Go to Top

CrowdFunding Could Help Save the American Economy

“Revolutions happen fast, but dawn slowly.” This is how Jon Gertner characterized the innovation and resulting leapfrogs in technology that came out of Bell Labs (the research and development arm of AT&T) during the last century. I believe that crowdfunding for equity will follow a similar trajectory.

Donation CrowdFunding for Causes began in earnest just four years ago, with the launch of IndieGogo followed by Kickstarter. Used mostly to generate support for the arts (films, bands, theater) and local organizations, these types of campaigns have been highly effective, raising $784 million in funding during 2011 in North America.

Donation CrowdFunding for Startup Products, the second generation of crowdfunding, saw its first notable success in 2011 with Tik Tok, a nano watchband that raised nearly $1 million. Since Tik Tok, several for-profit startups have used the same sites to raise early capital in exchange for products, including:

On Kickstarter alone, over $27 million has been raised to date this year for startup game companies.

What makes these companies different from cause-oriented campaigns is that they are for-profit companies that, in many cases, can’t get financing from the traditional means, i.e., personal funds, angel investors, banks and venture capitalists. Donation crowdfunding is fast becoming a way to create buzz, prove customer interest and gain manufacturing experience, but it is not a substitute for scaling a company for launch. While additional capital is still required for the launch stage, a successful donation crowdfunding campaign can increase the odds of obtaining launch funds in the future.

Equity Based CrowdFunding for Startups and Small Businesses is the next phase of crowdfunding. By allowing people to invest in embryonic businesses they believe in, may utilize, and will likely champion, crowdfunding could foster major innovation. Once launched, startups will be able to raise up to $1 million in capital to actually fund the business, not just the cost of building a few thousand widgets in exchange for a donation. With time, members of Congress are hoping to increase the annual allowable fundraising amount to $5 million.

Some argue that equity based crowdfunding is too great a risk for the average American while others point out that they are already taking risks with their money.  Americans purchase $45 billion dollars worth of lottery tickets annually, with the average household spending $150 annually. The odds of winning the lottery are one in 175 million according to Aaron Abrams, a mathematician at Emory University.  People lose their money nearly every time, yet hope keeps them coming back. The stock market offers better odds but, as we have seen in recent years, can be financially disappointing. Total assets invested in stocks, bonds, mutual funds, pension funds and insurance funds equal about $30 trillion according to the economist Michael Shuman.  Today’s college students are incurring an average debt load of $25,000 in hopes that they will pay it back from future jobs, yet nearly half of recent college graduates are unemployed.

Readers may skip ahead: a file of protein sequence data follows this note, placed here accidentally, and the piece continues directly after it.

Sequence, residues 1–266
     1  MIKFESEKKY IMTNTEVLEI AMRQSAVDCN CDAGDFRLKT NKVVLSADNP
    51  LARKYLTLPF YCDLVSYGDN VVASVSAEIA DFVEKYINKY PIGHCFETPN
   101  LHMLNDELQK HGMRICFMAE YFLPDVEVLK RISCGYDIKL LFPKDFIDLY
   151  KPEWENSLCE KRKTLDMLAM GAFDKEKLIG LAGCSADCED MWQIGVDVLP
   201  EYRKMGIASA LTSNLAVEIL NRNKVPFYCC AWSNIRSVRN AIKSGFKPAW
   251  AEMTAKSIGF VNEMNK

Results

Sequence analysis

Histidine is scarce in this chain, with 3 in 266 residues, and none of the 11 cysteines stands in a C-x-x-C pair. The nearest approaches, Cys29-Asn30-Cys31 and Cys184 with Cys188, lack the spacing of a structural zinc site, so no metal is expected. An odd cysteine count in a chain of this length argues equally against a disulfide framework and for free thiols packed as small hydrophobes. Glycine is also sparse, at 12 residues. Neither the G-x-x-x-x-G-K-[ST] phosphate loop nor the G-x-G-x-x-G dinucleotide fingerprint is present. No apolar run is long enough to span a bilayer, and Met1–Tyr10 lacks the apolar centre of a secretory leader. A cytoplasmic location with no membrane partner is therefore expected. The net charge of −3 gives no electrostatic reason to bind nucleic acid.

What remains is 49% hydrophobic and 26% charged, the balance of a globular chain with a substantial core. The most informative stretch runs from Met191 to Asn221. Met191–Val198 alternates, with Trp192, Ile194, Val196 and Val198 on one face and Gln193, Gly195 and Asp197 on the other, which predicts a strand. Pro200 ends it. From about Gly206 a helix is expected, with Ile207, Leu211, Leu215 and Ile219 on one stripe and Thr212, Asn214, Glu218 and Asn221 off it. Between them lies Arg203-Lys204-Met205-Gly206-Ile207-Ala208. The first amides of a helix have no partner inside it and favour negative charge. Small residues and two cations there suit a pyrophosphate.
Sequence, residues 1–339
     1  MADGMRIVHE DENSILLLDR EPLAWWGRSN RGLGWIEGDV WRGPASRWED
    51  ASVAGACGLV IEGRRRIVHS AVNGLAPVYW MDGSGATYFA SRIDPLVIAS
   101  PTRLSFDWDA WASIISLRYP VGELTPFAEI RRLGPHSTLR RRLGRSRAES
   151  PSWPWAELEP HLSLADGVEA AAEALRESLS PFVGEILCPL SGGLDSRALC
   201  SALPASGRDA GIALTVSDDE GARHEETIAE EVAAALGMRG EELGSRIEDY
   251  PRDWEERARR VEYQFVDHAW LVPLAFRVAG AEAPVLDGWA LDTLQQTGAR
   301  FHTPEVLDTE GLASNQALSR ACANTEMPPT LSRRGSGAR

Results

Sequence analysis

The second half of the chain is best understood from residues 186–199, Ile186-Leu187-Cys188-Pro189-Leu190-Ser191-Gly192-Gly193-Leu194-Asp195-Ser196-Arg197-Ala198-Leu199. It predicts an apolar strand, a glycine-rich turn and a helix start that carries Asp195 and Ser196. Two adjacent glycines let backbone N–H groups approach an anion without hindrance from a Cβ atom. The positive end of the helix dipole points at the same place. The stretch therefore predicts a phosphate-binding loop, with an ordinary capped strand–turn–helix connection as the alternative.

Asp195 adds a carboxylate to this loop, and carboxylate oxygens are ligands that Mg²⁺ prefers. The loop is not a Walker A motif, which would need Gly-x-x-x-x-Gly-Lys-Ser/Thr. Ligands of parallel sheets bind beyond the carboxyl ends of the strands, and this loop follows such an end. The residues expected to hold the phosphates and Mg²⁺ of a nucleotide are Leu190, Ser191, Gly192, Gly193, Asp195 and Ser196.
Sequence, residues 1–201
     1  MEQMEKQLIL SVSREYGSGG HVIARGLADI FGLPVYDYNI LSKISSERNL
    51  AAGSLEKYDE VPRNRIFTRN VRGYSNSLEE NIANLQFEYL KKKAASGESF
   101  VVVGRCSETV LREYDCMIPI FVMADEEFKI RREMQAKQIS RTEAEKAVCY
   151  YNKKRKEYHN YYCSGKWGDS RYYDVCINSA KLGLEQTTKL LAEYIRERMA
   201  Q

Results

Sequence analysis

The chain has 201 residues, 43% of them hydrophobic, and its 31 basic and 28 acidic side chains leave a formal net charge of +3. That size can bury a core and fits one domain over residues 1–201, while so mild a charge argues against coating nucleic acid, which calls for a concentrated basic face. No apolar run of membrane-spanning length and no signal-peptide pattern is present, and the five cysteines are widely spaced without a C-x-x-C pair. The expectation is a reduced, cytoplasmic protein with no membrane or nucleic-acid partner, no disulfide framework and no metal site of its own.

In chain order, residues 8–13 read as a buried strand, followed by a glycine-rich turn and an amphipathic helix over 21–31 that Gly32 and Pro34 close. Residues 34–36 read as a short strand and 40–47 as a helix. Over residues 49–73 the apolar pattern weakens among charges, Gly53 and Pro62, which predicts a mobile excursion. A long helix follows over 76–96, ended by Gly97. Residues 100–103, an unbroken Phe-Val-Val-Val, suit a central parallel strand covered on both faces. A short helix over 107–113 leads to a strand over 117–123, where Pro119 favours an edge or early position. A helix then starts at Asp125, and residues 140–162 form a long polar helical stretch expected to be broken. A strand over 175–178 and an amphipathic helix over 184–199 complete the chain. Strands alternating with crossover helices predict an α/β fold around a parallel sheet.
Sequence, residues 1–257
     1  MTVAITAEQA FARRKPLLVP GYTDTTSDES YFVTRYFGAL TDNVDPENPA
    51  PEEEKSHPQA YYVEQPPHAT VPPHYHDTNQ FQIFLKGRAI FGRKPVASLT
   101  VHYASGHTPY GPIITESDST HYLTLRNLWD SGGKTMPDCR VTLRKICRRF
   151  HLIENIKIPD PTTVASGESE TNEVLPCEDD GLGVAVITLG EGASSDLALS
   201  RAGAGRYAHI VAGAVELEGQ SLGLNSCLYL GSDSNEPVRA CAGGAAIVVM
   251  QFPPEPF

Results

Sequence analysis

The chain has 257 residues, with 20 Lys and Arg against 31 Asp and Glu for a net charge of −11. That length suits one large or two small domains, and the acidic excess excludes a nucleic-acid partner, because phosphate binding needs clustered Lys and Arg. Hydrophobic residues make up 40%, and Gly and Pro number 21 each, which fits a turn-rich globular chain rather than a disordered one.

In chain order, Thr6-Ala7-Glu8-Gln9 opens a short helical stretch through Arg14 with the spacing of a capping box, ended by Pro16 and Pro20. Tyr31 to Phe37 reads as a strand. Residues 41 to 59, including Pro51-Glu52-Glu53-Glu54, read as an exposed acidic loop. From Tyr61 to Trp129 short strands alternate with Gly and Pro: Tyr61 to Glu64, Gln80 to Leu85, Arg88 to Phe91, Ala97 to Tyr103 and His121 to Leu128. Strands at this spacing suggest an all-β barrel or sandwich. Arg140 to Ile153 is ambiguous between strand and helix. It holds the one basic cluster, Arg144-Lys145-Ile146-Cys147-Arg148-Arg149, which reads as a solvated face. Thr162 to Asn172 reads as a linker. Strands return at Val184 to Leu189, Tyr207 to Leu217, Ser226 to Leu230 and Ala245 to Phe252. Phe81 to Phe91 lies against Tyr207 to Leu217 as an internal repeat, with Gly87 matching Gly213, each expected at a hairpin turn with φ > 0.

Bottom line: many Americans are already taking risks with their money, hoping to hit the jackpot. Crowdfunding for equity will create opportunities for direct investment in local business and/or exciting and innovative startups that people can influence with the power of their network and collective buying behavior.  Jobs will be created from this and in some cases there will be a nice payout

We are seeing a transformation in how Americans bring their ideas to fruition with the evolution of crowdfunding campaigns. When the new securities laws are complete and equity based crowdfunding is legal, there will be a sea change in how entrepreneurs can finance their companies. A few early adopters will most likely lead the way (as is happening today with crowdfunding for products), followed by a new age of innovation and small business growth.

To learn more about making equity-based crowdfunding happen ASAP, click here.

Next week, CareerFuel’s blog delivers insight into how two successful companies, tiltpod and the Bia multi-sport GPS watch, used crowdfunding to build their first products.

For more on crowdfunding, read here. To learn about funding options for startups and small businesses, watch and learn from angel investor Judy Robinett.

Sign up and receive updates and the latest in recommended resources… straight to your inbox!